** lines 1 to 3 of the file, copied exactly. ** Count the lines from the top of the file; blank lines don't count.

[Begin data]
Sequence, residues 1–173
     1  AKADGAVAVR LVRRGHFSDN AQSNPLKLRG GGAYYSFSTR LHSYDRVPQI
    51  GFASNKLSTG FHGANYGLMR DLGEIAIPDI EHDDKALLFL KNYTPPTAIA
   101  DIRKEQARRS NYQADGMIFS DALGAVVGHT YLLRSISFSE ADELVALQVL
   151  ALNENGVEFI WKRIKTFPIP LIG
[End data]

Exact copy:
Sequence, residues 1–173
     1  AKADGAVAVR LVRRGHFSDN AQSNPLKLRG GGAYYSFSTR LHSYDRVPQI
    51  GFASNKLSTG FHGANYGLMR DLGEIAIPDI EHDDKALLFL KNYTPPTAIA